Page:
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    Amchitka Airfield Alaska United States
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USN c1943
Amchitka Airfield was located on the northern coast of southeast Amchitka Island in the Aleutian Islands in Alaska in the United States of America. Borders Constantine Harbor to the northeast and Jones Lake to the north. Also code named "Fox Runway". Prewar and during World War II part of the Territory of Alaska.

Although a U. S. Army survey team surveyed the island in September 1942 and they advised the airfield would be difficult to build an airfield on Amchitka Island. Regardless, on December 13, 1the decision to build an airfield at this location was authorized, to deny the island to the Japanese. Another reconnaissance mission visited Amchitka during December 17–19, 1942, and reported that a fighter strip could be built in two to three weeks, and a main airfield in three to four months.

Detected by the Japanese in late January 1943, Amchitka Airfield was attacked with little impact.

Japanese air raids against Amchitka
January 26, 1943–February 4, 1943

Wartime History
On February 16, 1943 a P-40 Warhawk landed at Amchitka Airfield and during the afternoon another seven P-40 Warhawks and a transport land at Amchitka Airfield which is opened for limited operations while expansion and improvements to the airfield continued. On March 5, 1943 the first B-25 Mitchells arrive at the expanded airfield.

Units operating from Amchitka included the 11th Fighter Squadron under the command of John S. "Jack" Chennault (son of General Claire L. Chennault commander of the American Volunteer Group AVG / 14th Air Force in China-Burma-India) operating P-40 Warhawks and P-38 Lightnings. Also, the 28th Bombardment Group (28th Composite Group) operating B-17s and B-24s. Also, 11th Bomber Command headquarters.

During May 1943, U. S. Navy Fleet Air Wing 4 (FAW4) began operating from Amchitka, flying regular patrols and search missions over the Aleutian Islands and as far as the Kurlie Islands.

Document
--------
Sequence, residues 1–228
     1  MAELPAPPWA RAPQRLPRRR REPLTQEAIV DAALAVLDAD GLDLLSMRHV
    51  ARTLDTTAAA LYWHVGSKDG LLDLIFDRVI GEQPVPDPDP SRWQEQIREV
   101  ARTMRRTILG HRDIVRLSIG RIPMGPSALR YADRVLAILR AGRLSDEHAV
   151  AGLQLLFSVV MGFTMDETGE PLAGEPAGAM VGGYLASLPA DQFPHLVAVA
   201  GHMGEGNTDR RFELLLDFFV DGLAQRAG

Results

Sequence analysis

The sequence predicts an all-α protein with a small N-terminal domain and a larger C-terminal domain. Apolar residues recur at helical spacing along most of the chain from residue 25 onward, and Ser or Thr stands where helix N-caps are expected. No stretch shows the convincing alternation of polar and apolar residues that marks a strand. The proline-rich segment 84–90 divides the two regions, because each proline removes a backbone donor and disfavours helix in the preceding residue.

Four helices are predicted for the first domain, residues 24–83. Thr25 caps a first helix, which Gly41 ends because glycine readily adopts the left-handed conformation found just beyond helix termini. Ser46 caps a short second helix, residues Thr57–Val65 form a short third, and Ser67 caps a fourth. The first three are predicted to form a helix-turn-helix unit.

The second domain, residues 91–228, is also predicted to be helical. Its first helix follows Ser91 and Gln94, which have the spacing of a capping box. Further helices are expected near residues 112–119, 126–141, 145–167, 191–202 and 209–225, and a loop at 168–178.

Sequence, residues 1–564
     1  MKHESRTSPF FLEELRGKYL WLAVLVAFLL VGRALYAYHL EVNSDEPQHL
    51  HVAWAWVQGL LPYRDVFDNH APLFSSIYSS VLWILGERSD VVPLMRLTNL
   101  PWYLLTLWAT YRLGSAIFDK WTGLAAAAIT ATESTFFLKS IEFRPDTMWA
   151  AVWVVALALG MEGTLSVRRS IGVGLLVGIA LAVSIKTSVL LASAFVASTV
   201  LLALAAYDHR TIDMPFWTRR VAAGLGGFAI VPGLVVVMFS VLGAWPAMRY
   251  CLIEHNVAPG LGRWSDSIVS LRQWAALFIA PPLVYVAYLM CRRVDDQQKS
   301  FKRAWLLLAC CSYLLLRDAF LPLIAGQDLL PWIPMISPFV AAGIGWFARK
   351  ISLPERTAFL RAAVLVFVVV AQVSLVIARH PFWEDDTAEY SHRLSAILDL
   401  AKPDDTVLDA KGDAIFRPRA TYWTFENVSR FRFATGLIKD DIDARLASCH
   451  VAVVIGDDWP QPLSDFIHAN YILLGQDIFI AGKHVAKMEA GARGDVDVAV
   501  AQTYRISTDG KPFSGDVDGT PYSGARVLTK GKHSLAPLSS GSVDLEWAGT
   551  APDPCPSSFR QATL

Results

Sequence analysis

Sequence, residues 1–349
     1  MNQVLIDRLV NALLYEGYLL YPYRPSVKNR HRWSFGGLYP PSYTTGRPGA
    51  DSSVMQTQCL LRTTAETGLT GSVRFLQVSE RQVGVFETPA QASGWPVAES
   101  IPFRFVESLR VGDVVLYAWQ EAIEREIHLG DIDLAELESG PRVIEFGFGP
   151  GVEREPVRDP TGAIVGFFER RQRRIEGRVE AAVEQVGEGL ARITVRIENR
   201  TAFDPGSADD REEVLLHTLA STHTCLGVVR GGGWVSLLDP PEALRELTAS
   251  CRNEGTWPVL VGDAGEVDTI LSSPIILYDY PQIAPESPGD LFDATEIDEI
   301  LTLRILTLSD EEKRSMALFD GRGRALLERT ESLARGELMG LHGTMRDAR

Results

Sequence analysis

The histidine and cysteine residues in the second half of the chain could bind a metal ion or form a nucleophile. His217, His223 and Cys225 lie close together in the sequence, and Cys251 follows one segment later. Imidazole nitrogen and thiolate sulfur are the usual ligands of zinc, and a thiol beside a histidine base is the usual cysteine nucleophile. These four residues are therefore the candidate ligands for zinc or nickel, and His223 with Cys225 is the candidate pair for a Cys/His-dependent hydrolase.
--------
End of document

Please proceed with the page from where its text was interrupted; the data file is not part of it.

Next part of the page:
American units based at Amchitka
343rd FG, 54th FS (P-38) Adak March 12, 1943 -
28th CG, 30th BG, 21st BS (B-24) Umnak February 18 - July 1, 1943 Umnak
28th CG, 44th BG, 404th BS (B-24) Adak arrives March 22, 1942
28th CG, 36th BS (B-24) Kodiak May 4, 1943 - June 1, 1943 Adak returns August 4, 1943
407th BG, 632nd BS (A-24) Drew Field July 1, 1943 - ?
407th BG, 633rd BS (A-24) Drew Field July 1 - August 13, 1943
407th BG, 634th BS (A-24) Drew Field July 19 - August 13, 1943
407th BG, 635th BS (A-24) Drew Field July 19 - August 15, 1943 disbanded
407th FBG, 515th FBS (A-24) August 1943 Drew Field
407th FBG, 516th FBS (A-24) August 1943 Drew Field
28th CG, 73rd BS (B-25) Umnak June 1 - August 30, 1943 USA
11th Bomber Command, HQ ? - September 4, 1943 Adak
28th CG, 77th BS (B-25) Adak September 11, 1943 - February 11, 1944 Attu
343rd FG, HQ Adak July 25, 1943 - January 22, 1944 Attu
343rd FG, 11th FS (P-40 / P-38) Adak March 27 - May 17, 1943 Adak returns March 23, 1944 - July 20, 1945 Adak
343rd FG, 18th FS (P-38) Adak February 15, 1943 - March 28, 1944 Attu
343rd FG, 344th FS (P-40) ? - July 1, 1943 Shemya

Jerry Craft adds:
"Pilots flying in the Aleutians almost never went anywhere without first filing a flight plan. Then, to maximize their chances of getting from point A to point B, they flew on an assigned compass heading.  One of the main purposes for the military keeping Amchitka open in those post-WW II days was to keep their radio range functioning."

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Last Updated
March 21, 2021


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